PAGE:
It’s become apparent over time that there are a few archetypes of bad games. You’ve got Vision of a Madman, as seen in Synnibarr or Skyrealms of Jorune. Fun-Hating Deathslog, as seen in any number of heartbreakers and serious business games. Then there’s Boring Trifle, a catch-all category that covers any game that is too boring or derivative to hold the imagination. Today’s game is a category we think of as the One Weird Thing, which is a game that would be perfectly serviceable, except the author has this one weird thing. What’s the one weird thing about Broncosaurus Rex, a game that sounds like it’s probably about cowboys riding space dinosaurs? Well if you guessed a ludicrous amount of Confederacy apologia, give yourself a prize and then ask yourself why that was your first guess.
Hey, Jeff Minter lives in Wales. He shouldn’t be shunned.
And, um, the stereotype isn’t that they _eat_ sheep….
John Barrowman sounds pretty American on Torchwood.
Oh wow, I thought Deadlands was super confederate appologisty. This is even more so.
John Barrowman Iwas born in Glasgow but is culturally far more American having grown up in Joliet, Illinois from the age of 8 and did not return to the UK until he was 22. He is a dual citizen.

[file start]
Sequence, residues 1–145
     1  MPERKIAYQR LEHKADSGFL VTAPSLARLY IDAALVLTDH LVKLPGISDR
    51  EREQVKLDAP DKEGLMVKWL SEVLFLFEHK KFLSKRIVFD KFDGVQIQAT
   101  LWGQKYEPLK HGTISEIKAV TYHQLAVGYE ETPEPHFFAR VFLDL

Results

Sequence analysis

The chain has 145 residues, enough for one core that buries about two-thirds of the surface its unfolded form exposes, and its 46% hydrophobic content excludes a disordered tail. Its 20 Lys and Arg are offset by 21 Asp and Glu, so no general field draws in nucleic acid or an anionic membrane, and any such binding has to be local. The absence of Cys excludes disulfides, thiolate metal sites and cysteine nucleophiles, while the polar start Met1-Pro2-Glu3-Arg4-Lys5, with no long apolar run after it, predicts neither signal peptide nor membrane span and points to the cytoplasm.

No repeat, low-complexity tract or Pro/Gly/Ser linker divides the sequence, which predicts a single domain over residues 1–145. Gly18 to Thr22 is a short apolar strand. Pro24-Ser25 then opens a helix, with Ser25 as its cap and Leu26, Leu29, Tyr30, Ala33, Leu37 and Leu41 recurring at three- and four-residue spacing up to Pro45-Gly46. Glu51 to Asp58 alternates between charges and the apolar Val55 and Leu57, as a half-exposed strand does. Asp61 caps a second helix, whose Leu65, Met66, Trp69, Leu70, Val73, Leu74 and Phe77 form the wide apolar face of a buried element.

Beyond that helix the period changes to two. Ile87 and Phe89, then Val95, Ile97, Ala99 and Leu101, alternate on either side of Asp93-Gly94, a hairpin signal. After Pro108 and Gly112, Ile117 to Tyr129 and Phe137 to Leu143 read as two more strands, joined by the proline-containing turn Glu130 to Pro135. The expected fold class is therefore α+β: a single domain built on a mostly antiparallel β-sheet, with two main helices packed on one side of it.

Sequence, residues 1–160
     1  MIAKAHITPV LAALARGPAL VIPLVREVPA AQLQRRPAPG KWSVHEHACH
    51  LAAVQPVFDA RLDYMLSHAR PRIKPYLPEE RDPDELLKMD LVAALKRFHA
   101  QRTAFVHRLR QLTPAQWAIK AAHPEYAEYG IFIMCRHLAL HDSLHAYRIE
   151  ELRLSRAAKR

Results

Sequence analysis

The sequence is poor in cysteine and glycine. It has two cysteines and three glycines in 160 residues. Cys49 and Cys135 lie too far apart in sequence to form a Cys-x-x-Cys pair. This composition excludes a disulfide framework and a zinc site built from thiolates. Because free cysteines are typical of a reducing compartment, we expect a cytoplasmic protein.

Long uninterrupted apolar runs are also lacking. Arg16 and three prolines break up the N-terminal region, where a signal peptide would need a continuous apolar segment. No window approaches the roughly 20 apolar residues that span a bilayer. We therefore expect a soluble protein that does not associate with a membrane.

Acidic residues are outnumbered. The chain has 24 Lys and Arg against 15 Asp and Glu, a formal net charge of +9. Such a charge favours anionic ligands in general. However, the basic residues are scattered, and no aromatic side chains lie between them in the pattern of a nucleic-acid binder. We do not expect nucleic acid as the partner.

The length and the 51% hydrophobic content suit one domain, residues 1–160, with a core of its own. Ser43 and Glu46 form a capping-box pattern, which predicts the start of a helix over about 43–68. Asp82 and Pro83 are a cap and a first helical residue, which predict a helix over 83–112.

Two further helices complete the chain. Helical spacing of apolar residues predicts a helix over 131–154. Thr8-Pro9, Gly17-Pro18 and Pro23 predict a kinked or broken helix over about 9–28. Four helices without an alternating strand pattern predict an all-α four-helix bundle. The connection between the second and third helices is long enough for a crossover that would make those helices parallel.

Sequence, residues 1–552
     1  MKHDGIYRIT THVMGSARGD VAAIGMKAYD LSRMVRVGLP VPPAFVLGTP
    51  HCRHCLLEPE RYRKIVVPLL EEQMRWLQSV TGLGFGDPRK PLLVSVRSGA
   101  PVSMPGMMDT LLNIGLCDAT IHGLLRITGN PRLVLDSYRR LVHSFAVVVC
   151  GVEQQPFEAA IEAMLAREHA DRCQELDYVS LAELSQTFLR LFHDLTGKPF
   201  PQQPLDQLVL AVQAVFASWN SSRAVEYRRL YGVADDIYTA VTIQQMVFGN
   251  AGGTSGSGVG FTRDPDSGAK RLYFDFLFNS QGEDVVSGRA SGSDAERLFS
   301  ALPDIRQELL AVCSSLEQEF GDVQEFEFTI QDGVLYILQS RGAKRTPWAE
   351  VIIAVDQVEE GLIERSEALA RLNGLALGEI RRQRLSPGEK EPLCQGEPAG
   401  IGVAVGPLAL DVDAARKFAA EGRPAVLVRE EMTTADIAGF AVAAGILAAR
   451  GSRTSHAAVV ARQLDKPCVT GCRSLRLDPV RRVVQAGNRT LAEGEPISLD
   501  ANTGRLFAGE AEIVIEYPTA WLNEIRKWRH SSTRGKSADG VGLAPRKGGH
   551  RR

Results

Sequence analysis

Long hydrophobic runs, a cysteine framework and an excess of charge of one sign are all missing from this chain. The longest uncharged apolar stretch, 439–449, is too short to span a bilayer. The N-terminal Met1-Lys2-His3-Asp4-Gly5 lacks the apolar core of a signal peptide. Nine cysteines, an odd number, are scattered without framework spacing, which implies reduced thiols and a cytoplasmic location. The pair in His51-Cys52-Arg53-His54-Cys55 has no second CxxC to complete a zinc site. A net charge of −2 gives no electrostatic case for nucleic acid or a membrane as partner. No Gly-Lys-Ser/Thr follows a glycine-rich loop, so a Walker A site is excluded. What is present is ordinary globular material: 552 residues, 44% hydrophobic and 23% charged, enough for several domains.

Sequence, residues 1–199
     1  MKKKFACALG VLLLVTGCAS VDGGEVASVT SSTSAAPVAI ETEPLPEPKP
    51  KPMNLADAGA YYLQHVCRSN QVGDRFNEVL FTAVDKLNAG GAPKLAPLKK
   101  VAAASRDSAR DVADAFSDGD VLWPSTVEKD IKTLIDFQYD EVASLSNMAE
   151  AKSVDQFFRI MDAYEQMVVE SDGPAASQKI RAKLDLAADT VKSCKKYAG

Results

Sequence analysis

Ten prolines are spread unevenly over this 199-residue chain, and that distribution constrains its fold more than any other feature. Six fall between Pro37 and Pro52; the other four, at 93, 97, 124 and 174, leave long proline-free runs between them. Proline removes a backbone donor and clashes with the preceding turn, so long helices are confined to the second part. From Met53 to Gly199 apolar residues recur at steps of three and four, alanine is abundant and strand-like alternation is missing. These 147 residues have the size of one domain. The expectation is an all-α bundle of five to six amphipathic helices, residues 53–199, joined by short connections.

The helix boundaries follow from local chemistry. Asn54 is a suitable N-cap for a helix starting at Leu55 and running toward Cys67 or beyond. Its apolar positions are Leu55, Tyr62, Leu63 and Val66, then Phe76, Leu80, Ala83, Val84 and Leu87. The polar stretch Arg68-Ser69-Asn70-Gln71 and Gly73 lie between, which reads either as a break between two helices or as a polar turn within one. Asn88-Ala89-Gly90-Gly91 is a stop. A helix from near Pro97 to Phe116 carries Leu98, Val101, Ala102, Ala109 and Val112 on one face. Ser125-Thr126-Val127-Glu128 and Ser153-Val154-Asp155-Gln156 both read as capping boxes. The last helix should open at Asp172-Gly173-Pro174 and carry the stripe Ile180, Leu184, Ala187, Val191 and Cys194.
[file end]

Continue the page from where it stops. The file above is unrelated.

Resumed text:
Either way he neither is welsh nor sounds like he is.
Article 1 Section 9.(4) of the Constitution of the Confederate States of America: No bill of attainder, ex post facto law, or law denying or impairing the right of property in negro slaves shall be passed.
So I’m not sure how President Lee freed the slaves by himself.
The fact that the Confederates went from enslaving people to intelligent dinosaurs could be a really interesting in a “history repeats itself” kind of way. That could even be a great setting where the PCs are dino freedom fighters or dino abolitionists fighting cool future versions of Civil War battles. But instead the author is shit.
It feels like this was based on the early 3.0 rules. It was definitely an issue in 3.0, carried over from AD&D, that most classes stopped getting new things around level 8; but that was one of the things they addressed with the 3.5 edition.
I have no idea where they got +1 to a stat as a racial bonus, though. Even from the start of 3.0, they knew that +1 to a stat was worthless, so everyone had +2 and -2.
In all fairness, most games never go past level 10. Although I don’t know if the designer was lazy or he just wanted to push multiclassing for characters past level 7.